Shortest Path Problem
Quote of the day: There are many crooked lines and one straight line. Which is the line of truth? Why the straight line? Truth is always the shortest distance between two points.
The shortest path problem is a problem which arises in graph theory (a branch in Mathematics). In brief, Graph theory is the study of a set of objects in which some relation exists between two objects of the sets. Consider a set to be a collection of items and the object being an item in the collection. We can have a collection of pens, a collection of bus stations etc…
In graph theory, items or objects are represented using vertices or in other words nodes. And a line is drawn between the nodes to indicate some form of relationship between the objects. Sometimes this relationship is assigned a value which is called a weight. In that case, you will see the number displayed on the line.
Here is an example of a graph which is called a directed weighted graph because there are directed lines between some of the nodes and every single line has a weight associated with it.
From the image above, the directed line is used to represent the time it takes to travel between bus stations in a small village, hence the weight number on the directed line representing the time it takes to travel from a station to another station (head of the arrow), like time in minutes.
Given these concepts, other concepts are introduced such as a path. Consider a path as a walk which begins at a node, then through the line, and to another node and so on, but ending on a node.
With the example above, a path from station 0 to station 2 is 0→ 1 → 5, with the → to indicate the arrow line between the stations.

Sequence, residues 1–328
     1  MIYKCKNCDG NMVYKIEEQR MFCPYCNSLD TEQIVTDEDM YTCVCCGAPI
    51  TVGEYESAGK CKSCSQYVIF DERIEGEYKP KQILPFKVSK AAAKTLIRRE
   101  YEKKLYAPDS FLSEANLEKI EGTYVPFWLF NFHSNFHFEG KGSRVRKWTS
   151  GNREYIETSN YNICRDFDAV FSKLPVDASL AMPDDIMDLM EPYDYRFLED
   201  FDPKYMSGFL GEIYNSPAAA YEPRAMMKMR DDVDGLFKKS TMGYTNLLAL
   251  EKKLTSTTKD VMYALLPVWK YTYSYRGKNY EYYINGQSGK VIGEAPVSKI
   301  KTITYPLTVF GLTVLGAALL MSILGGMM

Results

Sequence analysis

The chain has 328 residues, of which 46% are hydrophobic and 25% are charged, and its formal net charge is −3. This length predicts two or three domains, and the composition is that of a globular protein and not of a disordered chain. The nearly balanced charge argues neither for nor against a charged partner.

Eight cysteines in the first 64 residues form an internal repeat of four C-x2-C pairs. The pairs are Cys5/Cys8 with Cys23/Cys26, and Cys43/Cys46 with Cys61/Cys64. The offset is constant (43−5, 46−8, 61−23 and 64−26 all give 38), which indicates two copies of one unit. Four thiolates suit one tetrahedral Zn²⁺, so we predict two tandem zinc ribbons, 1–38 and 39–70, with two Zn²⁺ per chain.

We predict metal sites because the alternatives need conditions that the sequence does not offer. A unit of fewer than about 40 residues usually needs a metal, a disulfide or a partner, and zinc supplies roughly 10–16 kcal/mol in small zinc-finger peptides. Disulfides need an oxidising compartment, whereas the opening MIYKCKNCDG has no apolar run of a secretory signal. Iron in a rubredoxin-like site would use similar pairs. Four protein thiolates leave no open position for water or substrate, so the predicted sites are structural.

Now, provided the notions of a graph, nodes, and the path, the shortest path problem is a problem of finding a path from a source node to a destination node that minimizes the total sum weight of reaching the destination from the source node.
So, for the path 0 to 3, finding the shortest path will give this path: 0→ 5 → 3 because it has the minimum total sum weight. Notice that, there are many ways to reach vertice 3 from source 0, but their total sum weight is higher than the path 0 → 5 → 3. Can you list the other paths?
How do we find the solution to this problem?
The question is an important one but also the most difficult one to answer. The difficult part of this question is that you want to provide a solution that will work on all graphs that are connected and that have lines with weights.
There are many algorithms (solutions) to the shortest path problem, some provide the solutions of finding the shortest path between all nodes in the graph.
My next blog post will examine one particular algorithm called dijkstra algorithm. Stay tuned.